Many existing anti-cancer drugs can be disappointingly ineffective in clinical practice, but often it is the delivery method and not the medication itself that limits effectiveness. Being able to deliver multiple drugs together, each with a different mechanism of action, to their target can be considerably more powerful than separate administrations. Researchers at North Carolina State University and the University of North Carolina at Chapel Hill have developed a “nanoflower” made out of a hydrophilic polymer that carries camptothecin and doxorubicin directly into cancer cells.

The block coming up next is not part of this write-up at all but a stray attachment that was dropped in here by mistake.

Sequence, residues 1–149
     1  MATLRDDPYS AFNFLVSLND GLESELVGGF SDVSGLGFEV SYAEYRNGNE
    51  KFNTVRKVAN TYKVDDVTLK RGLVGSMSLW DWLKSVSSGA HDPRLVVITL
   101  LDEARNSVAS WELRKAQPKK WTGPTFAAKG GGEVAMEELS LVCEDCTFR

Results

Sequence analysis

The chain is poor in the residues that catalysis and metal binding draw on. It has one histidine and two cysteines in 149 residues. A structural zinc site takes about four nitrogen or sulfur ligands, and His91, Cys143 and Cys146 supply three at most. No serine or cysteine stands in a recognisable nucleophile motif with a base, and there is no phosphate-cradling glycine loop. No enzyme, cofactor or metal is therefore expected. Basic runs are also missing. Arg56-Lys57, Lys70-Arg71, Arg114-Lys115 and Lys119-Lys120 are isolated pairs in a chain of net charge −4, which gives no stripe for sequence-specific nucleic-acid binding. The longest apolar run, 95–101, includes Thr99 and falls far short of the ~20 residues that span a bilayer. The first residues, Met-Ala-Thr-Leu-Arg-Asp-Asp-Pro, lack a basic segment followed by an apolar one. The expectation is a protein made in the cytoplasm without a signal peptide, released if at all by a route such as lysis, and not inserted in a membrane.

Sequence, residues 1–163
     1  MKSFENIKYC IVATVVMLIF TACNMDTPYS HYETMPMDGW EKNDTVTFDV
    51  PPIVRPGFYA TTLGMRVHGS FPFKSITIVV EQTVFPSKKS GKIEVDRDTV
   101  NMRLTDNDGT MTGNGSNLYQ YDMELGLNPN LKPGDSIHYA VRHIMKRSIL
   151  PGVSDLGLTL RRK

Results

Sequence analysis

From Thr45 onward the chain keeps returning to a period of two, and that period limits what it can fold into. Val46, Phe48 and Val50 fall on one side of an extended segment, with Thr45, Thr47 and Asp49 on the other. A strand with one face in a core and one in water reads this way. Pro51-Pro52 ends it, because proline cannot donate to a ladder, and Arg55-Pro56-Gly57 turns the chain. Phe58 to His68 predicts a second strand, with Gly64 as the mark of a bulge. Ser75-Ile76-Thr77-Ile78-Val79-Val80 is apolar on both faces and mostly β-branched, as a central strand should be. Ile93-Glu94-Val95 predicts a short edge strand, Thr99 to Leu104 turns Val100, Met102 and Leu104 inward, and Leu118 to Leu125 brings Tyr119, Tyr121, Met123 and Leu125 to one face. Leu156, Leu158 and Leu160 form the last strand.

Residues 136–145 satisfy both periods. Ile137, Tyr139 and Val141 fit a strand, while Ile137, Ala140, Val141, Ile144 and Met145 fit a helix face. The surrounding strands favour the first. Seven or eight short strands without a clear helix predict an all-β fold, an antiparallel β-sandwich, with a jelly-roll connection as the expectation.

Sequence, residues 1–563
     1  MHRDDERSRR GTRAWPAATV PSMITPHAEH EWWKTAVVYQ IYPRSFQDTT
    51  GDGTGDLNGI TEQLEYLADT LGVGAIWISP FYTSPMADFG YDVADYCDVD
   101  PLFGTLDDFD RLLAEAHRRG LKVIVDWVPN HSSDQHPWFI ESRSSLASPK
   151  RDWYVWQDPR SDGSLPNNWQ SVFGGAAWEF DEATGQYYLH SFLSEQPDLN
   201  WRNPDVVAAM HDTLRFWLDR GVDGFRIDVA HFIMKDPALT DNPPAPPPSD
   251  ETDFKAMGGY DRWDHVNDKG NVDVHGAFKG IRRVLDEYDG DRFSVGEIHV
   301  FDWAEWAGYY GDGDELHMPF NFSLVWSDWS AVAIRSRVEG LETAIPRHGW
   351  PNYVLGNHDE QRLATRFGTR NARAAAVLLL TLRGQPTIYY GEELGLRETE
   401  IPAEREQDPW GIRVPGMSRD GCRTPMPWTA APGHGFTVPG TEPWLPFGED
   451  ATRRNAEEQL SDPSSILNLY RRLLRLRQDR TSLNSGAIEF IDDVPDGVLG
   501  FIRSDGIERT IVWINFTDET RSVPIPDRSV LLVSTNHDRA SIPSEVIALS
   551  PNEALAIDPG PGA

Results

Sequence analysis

The hydrophobic drugs are encapsulated within the polyethylene glycol structure similarly to how proteins fold in on themselves. At about 50 nanometers in diameter, the nanoflowers can be injected into the bloodstream to seek out cancer cells. In an animal study, the structures stayed together until they penetrated lung cancer cells by taking advantage of “lipid raft and clathrin-mediated endocytotic pathway without premature leakage,” according to the study abstract inBiomaterials. The researchers also tested the nanoflowers in a laboratory setting against a number of other cancers, achieving promising results that should pave the way for further pre-clinical studies.
Study in Biomaterials: